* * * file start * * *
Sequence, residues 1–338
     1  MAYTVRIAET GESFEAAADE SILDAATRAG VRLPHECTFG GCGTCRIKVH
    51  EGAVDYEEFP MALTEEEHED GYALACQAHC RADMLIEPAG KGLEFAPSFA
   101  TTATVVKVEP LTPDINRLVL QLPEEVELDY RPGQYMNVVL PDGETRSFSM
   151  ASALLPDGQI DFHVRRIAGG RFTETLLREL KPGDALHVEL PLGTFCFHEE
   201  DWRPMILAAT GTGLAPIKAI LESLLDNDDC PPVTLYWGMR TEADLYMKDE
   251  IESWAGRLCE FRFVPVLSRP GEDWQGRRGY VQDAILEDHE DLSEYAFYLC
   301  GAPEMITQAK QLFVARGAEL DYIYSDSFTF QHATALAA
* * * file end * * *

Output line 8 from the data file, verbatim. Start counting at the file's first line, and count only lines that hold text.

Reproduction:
   301  GAPEMITQAK QLFVARGAEL DYIYSDSFTF QHATALAA